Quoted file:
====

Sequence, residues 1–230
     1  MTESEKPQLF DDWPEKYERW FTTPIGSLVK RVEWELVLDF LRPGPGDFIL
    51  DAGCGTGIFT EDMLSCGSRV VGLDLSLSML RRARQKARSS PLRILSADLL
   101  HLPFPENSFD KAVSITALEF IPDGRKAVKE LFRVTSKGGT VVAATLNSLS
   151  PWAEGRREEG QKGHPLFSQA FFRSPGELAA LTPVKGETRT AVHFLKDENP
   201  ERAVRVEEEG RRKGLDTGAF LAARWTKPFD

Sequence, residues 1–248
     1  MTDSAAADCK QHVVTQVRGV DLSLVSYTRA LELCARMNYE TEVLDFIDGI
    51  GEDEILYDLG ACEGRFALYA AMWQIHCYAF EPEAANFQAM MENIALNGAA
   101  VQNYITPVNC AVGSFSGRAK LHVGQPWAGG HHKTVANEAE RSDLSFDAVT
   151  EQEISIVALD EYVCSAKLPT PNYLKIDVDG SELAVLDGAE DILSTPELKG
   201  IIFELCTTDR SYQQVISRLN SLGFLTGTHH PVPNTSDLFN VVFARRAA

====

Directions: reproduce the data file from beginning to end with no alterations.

Sequence, residues 1–230
     1  MTESEKPQLF DDWPEKYERW FTTPIGSLVK RVEWELVLDF LRPGPGDFIL
    51  DAGCGTGIFT EDMLSCGSRV VGLDLSLSML RRARQKARSS PLRILSADLL
   101  HLPFPENSFD KAVSITALEF IPDGRKAVKE LFRVTSKGGT VVAATLNSLS
   151  PWAEGRREEG QKGHPLFSQA FFRSPGELAA LTPVKGETRT AVHFLKDENP
   201  ERAVRVEEEG RRKGLDTGAF LAARWTKPFD

Sequence, residues 1–248
     1  MTDSAAADCK QHVVTQVRGV DLSLVSYTRA LELCARMNYE TEVLDFIDGI
    51  GEDEILYDLG ACEGRFALYA AMWQIHCYAF EPEAANFQAM MENIALNGAA
   101  VQNYITPVNC AVGSFSGRAK LHVGQPWAGG HHKTVANEAE RSDLSFDAVT
   151  EQEISIVALD EYVCSAKLPT PNYLKIDVDG SELAVLDGAE DILSTPELKG
   201  IIFELCTTDR SYQQVISRLN SLGFLTGTHH PVPNTSDLFN VVFARRAA